Again, this will vary for every financial professional and client, based on the client’s personal health circumstances. Using a longer life expectancy is a conservative approach and one that many planners employ. One of the biggest fears among clients is outliving their money so using a longer life expectancy when planning reduces that risk. However, it will result in a lower Monte Carlo score. In turn, that lower score could drive the planner to make recommendations that maybe would not apply if a shorter, but equally justifiable life expectancy were used. So, financial professionals must once again strike a balance between using a sufficiently conservative life expectancy and avoiding advice based on artificially low Monte Carlo scores.
The new Monte Carlo methods described above, where success rates are generated at every age and not just the life expectancy age, help planners with this balancing act. This kind of Monte Carlo visualization provides the advisor with a much more holistic view of a client’s situation. Trends in Monte Carlo scores over time offer information that a single score never could.
Does Monte Carlo’s Accuracy Change Over Time?
Monte Carlo, like any projection, will be less reliable the longer the timeframe. All plans are based on assumptions that need to be updated over time. This is not unique to Monte Carlo—because Monte Carlo is so investment-oriented, it is important to make sure investment assumptions are realistic to have the most accurate Monte Carlo score over an extended time period. For example, over a long time horizon, make sure your projection incorporates changes to the asset allocation as the projected age increases just as the client will do in real life.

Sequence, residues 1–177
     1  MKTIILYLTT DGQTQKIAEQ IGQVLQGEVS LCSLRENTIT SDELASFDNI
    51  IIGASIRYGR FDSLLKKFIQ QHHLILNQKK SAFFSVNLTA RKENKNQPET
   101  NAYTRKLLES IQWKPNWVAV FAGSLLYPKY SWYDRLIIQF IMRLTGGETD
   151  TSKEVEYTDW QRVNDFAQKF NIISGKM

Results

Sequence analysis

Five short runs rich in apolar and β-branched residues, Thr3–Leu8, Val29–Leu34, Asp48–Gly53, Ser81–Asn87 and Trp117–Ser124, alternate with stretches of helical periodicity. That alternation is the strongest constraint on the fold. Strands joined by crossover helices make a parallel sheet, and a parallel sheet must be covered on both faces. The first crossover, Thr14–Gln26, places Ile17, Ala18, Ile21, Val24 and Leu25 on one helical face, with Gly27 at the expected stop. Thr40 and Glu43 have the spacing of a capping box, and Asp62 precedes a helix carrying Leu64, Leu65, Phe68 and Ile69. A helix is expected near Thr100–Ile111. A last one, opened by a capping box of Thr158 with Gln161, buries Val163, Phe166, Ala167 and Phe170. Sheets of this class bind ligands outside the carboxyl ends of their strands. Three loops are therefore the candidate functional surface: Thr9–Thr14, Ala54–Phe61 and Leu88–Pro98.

Do Monte Carlo Simulations Incorporate Events Like the Great Recession?
Every vendor is different in how they randomize rates. At eMoney, we do not recreate past periods like the 2008-2009 crisis. We use randomized rates where the rates for each asset class are randomized based on the assumed return and standard deviation the user entered. So, with a larger standard deviation for asset classes like equities, the Monte Carlo process will create years with assumed investment losses. Sometimes those losses are significant—such as 30 percent or more. Users of Monte Carlo get those bad years and really bad years automatically baked into their scores at appropriate frequencies.
What is the Difference Between Binary and Nuanced Monte Carlo Interpretations?
Monte Carlo analyses, in today’s form, are inherently binary. Every trial within a Monte Carlo analysis is either a pass or a fail. A trial that falls $1,000 short is labeled a failure just the same as the trial that falls $2,000,000 short, even though a financial professional’s advice would be very different in those two scenarios. A human understands the nuance behind why the two outcomes are vastly different, even if a traditional Monte Carlo analysis would not report on them differently. A smarter visualization would recognize that not all failures or successes are equal and provide insight into the likelihood of a “close call.” After all, in the real world, it is these close-call situations where planners show their worth and provide the most value.
Creating reports or visualizations that move away from the traditional binary pass/fail approach and instead provide better insight into the nuanced range of outcomes from a Monte Carlo analysis would create a serious leap in the evolution of Monte Carlo and financial planning.